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Title: Diagnosing masonry structures using advanced sensing techniques, physics-based modeling, and supervised learning
Authors: Napolitano, Rebecac
Advisors: Glisic, Branko
Contributors: Civil and Environmental Engineering Department
Subjects: Architectural engineering
Issue Date: 2020
Publisher: Princeton, NJ : Princeton University
Abstract: Continued advances in computational, networking, and sensor technologies have begun to bring urban-scale structural health monitoring and prognostics into the realm of possibility. We are starting to think about how events can not only impact single buildings, but also how a city can operate as a network of sensors and how we can leverage urban-scale digital twins to develop smart, sustainable cities. In that city-scale digital twin however, aging infrastructure introduces a myriad of unknowns such as material condition, load paths, etc. So what should we do with our aging infrastructure? What is the place of buildings of the past in cities of the future? To answer these questions, my research focuses on minimizing uncertainties regarding the condition of aging infrastructure through new methods and applications of data extraction, multi-modal data fusion, hybrid analytics, and information modeling. I have had success creating a novel method for integrating non-destructive testing, laser scanning, and numerical modeling for damage assessment which reduces the time required for a practitioner to assess the condition as well as decreases the likelihood of diagnostic bias affecting the resulting decisions. Additionally, I have quantified how different levels of detail for modeling and simulation can affect the results of diagnostics. I found that in some cases more detailed simulations can be 100 times slower; thus practitioners should think carefully about what they need from a model before running simulations. Additionally, it was shown that if the geometry and initial conditions are not captured accurately, these can skew the results of diagnostics. Lastly, I have developed a new technique for combining physics-based modeling and machine learning tools for diagnostics of masonry which is $10^5$ times faster than prior methods and requires less human intervention. These results illustrate that computational tools can increase the efficiency and decrease the time associated with diagnostics of existing infrastructure. Additionally, these results show how new, digital solutions for diagnostics will play a critical role in preservation and reuse efforts for developing the next generation of smart and green infrastructure.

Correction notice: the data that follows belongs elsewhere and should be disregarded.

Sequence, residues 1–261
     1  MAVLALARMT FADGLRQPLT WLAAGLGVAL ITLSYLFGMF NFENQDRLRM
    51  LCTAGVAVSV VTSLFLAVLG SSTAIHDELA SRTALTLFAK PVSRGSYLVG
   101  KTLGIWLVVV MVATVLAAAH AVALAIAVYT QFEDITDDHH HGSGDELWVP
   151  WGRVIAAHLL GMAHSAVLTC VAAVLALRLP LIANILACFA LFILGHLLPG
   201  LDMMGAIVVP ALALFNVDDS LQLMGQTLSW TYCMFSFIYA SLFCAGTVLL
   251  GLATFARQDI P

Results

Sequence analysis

Alternate format: The Mudd Manuscript Library retains one bound copy of each dissertation. Search for these copies in the library's main catalog:
Type of Material: Academic dissertations (Ph.D.)
Language: en
Appears in Collections:Civil and Environmental Engineering

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